This was when I knew I had to take Lizzie to the hospital. Her eyes were stuck in a daze that was only made worse with waves of excessive drinking. She stopped being fun and became a burden. There are parts of me that want to slap my conscience for even thinking that word. “Burden.” What an asshole thing to say.
I met Lizzie at a crazy party at the lake. She was sitting by the fire, poking the flames with a gnarled piece of wood. The blazes burned the shadows around her face so the darkness framed her cheeks in a frenzied, yet delicate way. I grabbed two drinks and walked over to her. She didn’t even notice me until I offered her a drink. She smiled and the shadows stopped moving.
Her eyes didn’t hang like they are in this moment, this one that’s frozen in this Polaroid. They still had life in them and coherent thoughts and a spark. I was so scared to take her to the hospital. Sometimes I can still hear her screaming at me. When it’s just quiet enough and I haven’t thought about it in a while. Her incoherent shouting is trapped in my dreams and fills me with guilt.
After I took her, no one said anything. No one asked where she was. Instead, a heavy silence surrounded the idea of Lizzie and hung around like an old ghost.
I hope I did the right thing.
Story by Rachel Nielsen
This was a long time ago. Before I left the Florida backwater where I was born. Before I had a baby. Look at me, a baby myself. What a mess. And then that screaming, wide-eyed baby Ralph when I was 16 years old. I called him after the boy I thought was his father. That’s not what I told anyone at the time, but to this day I believe the kid’s father was Ralph Debaux. Handsome Ralph. The starter for my high school’s rival football team. Good old Ralph.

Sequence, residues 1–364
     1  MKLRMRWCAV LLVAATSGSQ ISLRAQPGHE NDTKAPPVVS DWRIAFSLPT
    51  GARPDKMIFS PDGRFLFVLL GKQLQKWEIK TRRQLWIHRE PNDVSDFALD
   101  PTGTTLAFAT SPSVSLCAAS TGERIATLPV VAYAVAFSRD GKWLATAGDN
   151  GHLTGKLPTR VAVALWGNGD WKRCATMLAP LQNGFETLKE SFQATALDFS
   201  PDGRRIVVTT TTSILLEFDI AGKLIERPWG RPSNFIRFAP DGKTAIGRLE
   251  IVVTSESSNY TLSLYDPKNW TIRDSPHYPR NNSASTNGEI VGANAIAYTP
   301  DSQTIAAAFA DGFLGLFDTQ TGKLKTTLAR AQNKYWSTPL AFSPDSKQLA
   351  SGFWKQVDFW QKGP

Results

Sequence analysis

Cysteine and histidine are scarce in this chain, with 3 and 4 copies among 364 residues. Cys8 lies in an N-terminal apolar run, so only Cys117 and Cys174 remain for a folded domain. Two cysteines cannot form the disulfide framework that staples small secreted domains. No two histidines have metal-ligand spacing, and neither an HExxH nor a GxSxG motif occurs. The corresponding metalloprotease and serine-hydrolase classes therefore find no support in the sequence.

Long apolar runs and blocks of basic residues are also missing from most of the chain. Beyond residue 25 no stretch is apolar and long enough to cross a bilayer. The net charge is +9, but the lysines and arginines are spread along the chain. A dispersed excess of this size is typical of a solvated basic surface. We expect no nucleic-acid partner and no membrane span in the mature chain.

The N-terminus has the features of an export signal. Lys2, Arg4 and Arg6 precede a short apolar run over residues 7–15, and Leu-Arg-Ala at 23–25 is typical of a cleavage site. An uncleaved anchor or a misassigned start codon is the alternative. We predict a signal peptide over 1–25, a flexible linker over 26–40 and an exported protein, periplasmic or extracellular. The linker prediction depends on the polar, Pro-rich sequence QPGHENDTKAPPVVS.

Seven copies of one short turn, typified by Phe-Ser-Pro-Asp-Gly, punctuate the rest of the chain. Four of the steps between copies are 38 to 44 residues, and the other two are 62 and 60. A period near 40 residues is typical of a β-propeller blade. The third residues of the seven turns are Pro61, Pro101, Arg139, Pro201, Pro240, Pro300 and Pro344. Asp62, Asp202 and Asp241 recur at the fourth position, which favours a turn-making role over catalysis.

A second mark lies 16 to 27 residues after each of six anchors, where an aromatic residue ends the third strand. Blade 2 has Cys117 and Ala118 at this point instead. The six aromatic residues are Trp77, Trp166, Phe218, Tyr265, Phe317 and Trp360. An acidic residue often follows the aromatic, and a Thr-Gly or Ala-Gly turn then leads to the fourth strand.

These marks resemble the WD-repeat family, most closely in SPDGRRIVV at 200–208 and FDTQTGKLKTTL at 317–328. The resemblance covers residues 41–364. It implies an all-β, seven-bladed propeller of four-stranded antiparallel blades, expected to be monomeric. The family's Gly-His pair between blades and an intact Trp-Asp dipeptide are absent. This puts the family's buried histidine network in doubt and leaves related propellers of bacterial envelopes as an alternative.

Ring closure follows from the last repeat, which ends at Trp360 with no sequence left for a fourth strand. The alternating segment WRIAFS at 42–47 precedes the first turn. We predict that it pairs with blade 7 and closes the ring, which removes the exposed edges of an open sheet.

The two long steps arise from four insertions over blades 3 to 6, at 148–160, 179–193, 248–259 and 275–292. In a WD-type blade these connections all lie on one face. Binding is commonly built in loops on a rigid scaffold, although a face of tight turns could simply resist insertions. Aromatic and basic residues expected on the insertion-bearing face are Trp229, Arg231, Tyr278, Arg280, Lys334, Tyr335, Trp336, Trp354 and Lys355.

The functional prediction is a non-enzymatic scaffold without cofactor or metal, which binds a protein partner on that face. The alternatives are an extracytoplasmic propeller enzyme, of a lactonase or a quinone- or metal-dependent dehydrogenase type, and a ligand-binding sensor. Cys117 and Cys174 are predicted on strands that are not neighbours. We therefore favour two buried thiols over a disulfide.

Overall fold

It doesn’t do me any good to think about those days, that place. I’m where I belong now. I built my life in Miami from nothing. Waitress, bar maid, hostess. No matter where I was I watched and I listened to women who came here from up north. The way they spoke, how they walked, how they dressed. Emulating. I emulated them. I slept with their husbands. I got presents, nice clothes and jewelry. I did that until I didn’t have to do it anymore. I knew I was smart. All I had to do was look the part. I’ll never forget how nervous I was when I interviewed for the front desk job at the Fontainebleau. My print cotton shift with a pastel cardigan buttoned at the top, compliments of an affair with an engineer down from New York for a conference. Ballet slippers. Nails short and clean. I could have stepped out of a Lilli Pulitzer catalogue. Not that I knew who she was.
Oh how I loved to work and it was noticed. Soon enough I was front desk supervisor, then front office manager. I put myself on a path and I didn’t let anything distract me. Not anything. Now here I am, General Manager of the Fontainebleau. I have a corner office with a spectacular view of Miami Beach, The shoreline, the yachts, the lights from clubs and hotels.
Look at this picture. This was a very long time ago. I don’t even know this girl.
Story by T. Giordano